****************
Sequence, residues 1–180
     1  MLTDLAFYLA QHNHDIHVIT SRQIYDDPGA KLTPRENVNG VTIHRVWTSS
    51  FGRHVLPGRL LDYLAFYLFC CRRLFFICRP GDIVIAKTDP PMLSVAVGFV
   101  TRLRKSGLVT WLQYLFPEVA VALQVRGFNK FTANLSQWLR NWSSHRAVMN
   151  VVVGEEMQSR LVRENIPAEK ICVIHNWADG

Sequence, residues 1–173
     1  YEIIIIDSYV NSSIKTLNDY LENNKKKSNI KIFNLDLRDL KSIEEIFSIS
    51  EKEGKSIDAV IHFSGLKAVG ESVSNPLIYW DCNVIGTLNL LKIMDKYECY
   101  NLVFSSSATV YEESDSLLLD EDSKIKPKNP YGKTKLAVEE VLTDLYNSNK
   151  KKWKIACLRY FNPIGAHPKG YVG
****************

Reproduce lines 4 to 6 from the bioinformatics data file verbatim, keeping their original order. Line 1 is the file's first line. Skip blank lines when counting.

   101  TRLRKSGLVT WLQYLFPEVA VALQVRGFNK FTANLSQWLR NWSSHRAVMN
   151  VVVGEEMQSR LVRENIPAEK ICVIHNWADG

Sequence, residues 1–173